Perfectionsm kills creativity

One of my most favourite websites in the world wide web is The author is writing on how to become successful your very own way. I just love it because I often forget what’s important with creativity. I stumbled upon the gapingvoid article again a few days ago and read it again carefully. It reminds me on something:

When I made “Ein anderer Traum“, I just wanted to do it. It wasn’t important to me what others may think of it. I didn’t expect it to run on any festival. I didn’t think people would love to buy a DVD. I had no reason to do it but me wanting it. Which is an astonishingly good reason. And suddenly people wanted to buy a DVD and the film made its way into a handful of European festivals. And I was – and still am – impressed how successful this “stupid“ idea was. When I started thinking about the Orpheus film project, I decided to do it the more professional way: writing a real script, drawing a real storyboard, all those things the professionals do. They do time tables as well, so I did. Well, I missed the self-set deadlines several times. I hoped that I’d be able to place the film into far more festivals if I’ll do it ways more professionally. I thought I’d sell much more DVD much more expensively if they are done much more professionally. I went to Bristol to improve my puppet making skills because I want to do it much more perfect. I don’t want to use the very cheap cut-out animation puppets again because they’re not… perfect. My very first concrete idea for the Orpheus film I had in summer 2007. Now it’s two years later and I haven’t started filming yet. I have a ready storyboard but don’t like it because it’s not what I want this film to be like. To be honest, I really like the cut-out puppets.

Great so far, hm?

Listen to Me

I did a lot of things during those two years and I regret none of them. I learned so many possible workflows and met so many professionals. I discovered so many wonderful tools and strategies. But I also learned that I have to find my own way, my own solutions. And that my way now is not the professional one. Mainly, I don’t work on animation for money or reputation. I do it because I just love it and for a real aritistic pleasure. And the more I try to make my animation pleasing others, the less I do and the less I enjoy what I’m doing. Paying the bills is one thing but the other is to do my things the way I want.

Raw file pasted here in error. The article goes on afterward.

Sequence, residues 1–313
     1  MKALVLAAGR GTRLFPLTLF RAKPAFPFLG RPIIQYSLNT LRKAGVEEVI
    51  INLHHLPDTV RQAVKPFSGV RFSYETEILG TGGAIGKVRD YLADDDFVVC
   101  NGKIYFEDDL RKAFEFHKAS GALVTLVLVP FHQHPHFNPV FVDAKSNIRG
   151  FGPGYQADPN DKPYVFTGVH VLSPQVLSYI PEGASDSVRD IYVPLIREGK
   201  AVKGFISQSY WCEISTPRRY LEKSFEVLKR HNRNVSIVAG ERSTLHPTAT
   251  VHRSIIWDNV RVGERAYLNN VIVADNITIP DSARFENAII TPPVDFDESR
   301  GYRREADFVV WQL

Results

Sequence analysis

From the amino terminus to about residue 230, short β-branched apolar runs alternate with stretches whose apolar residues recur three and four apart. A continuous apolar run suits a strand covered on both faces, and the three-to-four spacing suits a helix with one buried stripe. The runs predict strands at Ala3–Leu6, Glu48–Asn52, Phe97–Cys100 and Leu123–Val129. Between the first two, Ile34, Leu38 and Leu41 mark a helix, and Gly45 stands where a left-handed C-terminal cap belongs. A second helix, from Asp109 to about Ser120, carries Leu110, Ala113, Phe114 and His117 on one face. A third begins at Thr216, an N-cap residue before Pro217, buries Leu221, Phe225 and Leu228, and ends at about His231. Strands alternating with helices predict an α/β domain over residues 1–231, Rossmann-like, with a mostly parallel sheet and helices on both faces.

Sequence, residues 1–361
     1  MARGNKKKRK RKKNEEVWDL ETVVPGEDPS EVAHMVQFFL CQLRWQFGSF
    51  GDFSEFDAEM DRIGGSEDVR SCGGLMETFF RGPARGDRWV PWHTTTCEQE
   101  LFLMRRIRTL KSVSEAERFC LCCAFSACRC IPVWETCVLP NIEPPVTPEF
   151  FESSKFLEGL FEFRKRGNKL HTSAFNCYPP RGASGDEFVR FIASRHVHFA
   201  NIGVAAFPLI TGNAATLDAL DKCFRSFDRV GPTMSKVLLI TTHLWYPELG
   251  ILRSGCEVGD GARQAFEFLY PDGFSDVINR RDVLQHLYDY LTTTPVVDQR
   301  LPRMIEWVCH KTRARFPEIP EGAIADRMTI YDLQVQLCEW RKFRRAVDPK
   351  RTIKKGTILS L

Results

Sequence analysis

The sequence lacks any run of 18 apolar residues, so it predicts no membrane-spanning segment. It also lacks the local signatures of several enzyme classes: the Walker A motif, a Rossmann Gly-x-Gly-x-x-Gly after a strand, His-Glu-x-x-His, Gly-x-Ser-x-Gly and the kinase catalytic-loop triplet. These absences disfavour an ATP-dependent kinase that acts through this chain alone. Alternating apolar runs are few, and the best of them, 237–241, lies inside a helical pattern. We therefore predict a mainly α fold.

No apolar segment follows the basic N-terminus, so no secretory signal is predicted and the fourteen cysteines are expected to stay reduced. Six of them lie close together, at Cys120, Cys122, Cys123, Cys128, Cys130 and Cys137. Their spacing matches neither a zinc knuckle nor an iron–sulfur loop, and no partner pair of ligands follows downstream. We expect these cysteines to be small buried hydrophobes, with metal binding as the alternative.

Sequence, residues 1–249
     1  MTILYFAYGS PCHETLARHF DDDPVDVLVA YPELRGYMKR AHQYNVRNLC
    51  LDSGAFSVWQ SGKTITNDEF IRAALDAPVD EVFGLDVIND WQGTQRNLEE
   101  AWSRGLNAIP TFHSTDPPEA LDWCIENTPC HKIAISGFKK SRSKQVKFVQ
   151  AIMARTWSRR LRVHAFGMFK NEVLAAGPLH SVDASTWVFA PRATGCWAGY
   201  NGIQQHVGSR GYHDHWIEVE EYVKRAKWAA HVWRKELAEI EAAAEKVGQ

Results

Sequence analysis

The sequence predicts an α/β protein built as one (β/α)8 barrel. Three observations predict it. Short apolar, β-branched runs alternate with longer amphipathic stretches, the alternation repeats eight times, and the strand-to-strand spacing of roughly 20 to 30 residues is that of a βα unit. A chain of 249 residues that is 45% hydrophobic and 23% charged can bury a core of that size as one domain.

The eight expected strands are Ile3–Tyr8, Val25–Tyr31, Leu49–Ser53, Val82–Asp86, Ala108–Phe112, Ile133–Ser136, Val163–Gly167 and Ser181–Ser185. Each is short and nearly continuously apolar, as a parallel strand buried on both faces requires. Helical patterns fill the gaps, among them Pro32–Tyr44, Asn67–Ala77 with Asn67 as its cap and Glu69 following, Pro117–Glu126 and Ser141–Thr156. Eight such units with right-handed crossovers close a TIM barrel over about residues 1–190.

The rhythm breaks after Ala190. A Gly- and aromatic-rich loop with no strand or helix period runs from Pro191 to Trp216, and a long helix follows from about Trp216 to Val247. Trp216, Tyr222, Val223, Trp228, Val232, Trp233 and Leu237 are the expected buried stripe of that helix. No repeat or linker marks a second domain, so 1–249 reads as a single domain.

A good example of gapingvoid’s theory is working is my friend Shelley Noble of Notes from Halfland. She creates the complete world of Halfland because she wants or needs to, but not for anyone else. I’m sure all of you would agree on how intense and wonderful these things are she’s developing. I have to remind myself for whom I’m doing my projects.

24. July 2009 by Jessica
Categories: Stuff | Tags: | 4 comments

Comments (4)

  1. Oh, I’m so glad you are getting value from Hugh, Jessica! I love his approach too! I’ve learn a huge amount from him and from Kevin Kelly, Clay Shirkey, and Seth Godin too. I read everything they write and am piecing together what the real potential for the web really is.

    Thank you for the kind acknowledgment of what I’m trying to do with Halfland. I feel there is an advantage to the art school exposure you’ve had as it has given you many more tools to work with than I’ll ever get.

    But in the end, I think all of us have to come to terms with what we want to say with our art, however good or poor it is. Is it meaningful for us? I think that’s all that matters really.

    Halfland is just a folktale, cliché in a lot of ways, but it means something to me. And that becomes a protective shield against any critique that may come my way.

    I believe we can all make our meaningful art within our means, without waiting for anyone to give us permission or funding. If I had to, I’d make my art with trash from the dump.

    “Meaningful Within Our Means” would be my book.

  2. Thanks a lot for the link.

    I peronally know quite a few musicians, most of them are attending the conservatory for jazz musicians, and one of the best drummers among them never had a teacher. They all love what they do and there might be a itsy-bitsy-teeny-weenie little chance to get actually paid for palying music and some of them lucky ones might even one day make it that they can actually LIVE from their art. The way to get their diploma is by hard studying – and this is what broke my neck in the music business: I studied and learned and memorized and studied even harder – until I lost all the creativity. Playing with some friends, I just heard the rustling of notation paper and chord sturctures and theory stuff, but no music. Gone.